A committee of international computing specialists who develop guidelines for software-intensive aviation systems will gather from March 19-23 at Embry-Riddle Aeronautical University’s Daytona Beach, Fla., campus for a Meeting on Software Considerations in Aeronautical Systems.
The committee of 150 professionals from industry, government, and academia meets twice a year, alternately in Europe and the United States. It is a collaborative undertaking by RTCA Inc. and the European Organization for Civil Aviation Equipment (EUROCAE).
Organized in 1935 as the Radio Technical Commission for Aeronautics, RTCA is a private, nonprofit corporation that develops recommendations on communications, navigation, surveillance, and air traffic management systems. EUROCAE was created in 1963 as a European forum for administrations, airlines, and industry to discuss technical problems and prepare performance specifications for airborne electronic equipment.
In the meeting at Embry-Riddle, the committee will be tasked with updating the aviation industry’s guideline on the software aspects of certification of airborne equipment and systems.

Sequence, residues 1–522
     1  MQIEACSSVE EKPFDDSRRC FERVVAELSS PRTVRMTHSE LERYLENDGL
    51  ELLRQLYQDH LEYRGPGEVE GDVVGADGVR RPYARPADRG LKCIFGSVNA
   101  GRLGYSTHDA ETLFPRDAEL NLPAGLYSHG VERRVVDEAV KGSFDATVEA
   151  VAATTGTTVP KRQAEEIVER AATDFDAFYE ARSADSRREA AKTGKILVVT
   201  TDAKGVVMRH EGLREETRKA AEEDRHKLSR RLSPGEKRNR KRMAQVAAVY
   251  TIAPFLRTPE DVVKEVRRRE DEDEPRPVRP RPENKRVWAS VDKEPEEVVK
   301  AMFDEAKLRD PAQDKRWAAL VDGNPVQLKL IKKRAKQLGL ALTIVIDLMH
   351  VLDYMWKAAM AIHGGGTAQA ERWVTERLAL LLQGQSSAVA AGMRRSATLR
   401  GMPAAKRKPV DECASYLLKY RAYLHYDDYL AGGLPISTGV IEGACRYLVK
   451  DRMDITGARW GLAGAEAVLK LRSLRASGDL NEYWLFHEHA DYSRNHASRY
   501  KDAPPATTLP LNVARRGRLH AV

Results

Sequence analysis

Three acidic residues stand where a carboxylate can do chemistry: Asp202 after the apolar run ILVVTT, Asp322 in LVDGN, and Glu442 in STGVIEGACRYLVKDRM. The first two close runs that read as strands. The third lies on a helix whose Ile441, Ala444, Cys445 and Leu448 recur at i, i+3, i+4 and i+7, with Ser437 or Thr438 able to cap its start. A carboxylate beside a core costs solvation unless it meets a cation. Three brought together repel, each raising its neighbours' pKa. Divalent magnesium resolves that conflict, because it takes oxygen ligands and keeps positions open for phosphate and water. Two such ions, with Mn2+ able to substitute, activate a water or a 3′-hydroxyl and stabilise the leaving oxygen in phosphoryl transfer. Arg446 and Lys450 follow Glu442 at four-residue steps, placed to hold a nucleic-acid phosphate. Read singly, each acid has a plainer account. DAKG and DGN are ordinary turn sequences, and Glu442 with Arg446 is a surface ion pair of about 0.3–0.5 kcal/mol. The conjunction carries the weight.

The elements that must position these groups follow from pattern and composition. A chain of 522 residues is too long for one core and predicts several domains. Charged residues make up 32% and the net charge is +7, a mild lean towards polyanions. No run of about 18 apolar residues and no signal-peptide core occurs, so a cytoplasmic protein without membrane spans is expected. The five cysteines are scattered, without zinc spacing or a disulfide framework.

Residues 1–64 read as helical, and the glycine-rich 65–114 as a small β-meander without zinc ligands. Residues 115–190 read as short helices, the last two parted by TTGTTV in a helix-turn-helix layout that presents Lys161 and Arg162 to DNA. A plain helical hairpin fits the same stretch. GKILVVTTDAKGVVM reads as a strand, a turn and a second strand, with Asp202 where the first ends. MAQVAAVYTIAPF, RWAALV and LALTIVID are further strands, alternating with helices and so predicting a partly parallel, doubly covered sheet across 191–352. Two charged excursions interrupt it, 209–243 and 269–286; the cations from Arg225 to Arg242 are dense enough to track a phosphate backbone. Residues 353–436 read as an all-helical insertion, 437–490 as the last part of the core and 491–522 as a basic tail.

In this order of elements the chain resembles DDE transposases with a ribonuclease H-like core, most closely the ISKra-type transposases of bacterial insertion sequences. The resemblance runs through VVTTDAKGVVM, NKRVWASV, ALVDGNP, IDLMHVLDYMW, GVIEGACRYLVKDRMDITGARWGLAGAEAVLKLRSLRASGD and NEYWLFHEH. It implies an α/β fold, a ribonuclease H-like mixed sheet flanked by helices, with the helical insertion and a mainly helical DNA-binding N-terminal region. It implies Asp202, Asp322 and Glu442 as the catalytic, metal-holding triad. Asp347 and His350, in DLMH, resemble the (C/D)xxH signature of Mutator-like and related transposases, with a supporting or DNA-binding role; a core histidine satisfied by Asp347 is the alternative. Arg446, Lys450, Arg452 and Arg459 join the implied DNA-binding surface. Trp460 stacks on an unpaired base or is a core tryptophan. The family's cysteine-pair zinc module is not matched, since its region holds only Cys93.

Aircraft depend on a variety of digital on-board systems for autopilots, engine control, navigation, and radar, and on-ground systems for air traffic control and management. These software-intensive systems must interact by data links to perform ground system interrogation of on-board transponders, aircraft broadcast of position and status information, and other critical tasks. The system’s correctness relies on the correct operation of the associated software.
“Good software engineering practices are critical for producing dependable software,” says Andrew Kornecki, professor of computer and software engineering at Embry-Riddle. He says Embry-Riddle is an ideal place for the worldwide meeting, because “we place a special emphasis here on software process and the dependability and safety of embedded computer systems.”
Embry-Riddle Aeronautical University, the world’s largest, fully accredited university specializing in aviation and aerospace, offers more than 30 degree programs in its colleges of Arts and Sciences, Aviation, Business, and Engineering. The university educates more than 34,000 students annually in undergraduate and graduate programs at residential campuses in Prescott, Ariz., and Daytona Beach, Fla., through its Worldwide Campus at more than 130 centers in the United States and Europe, and through online learning.
For more information, visit http://www.erau.edu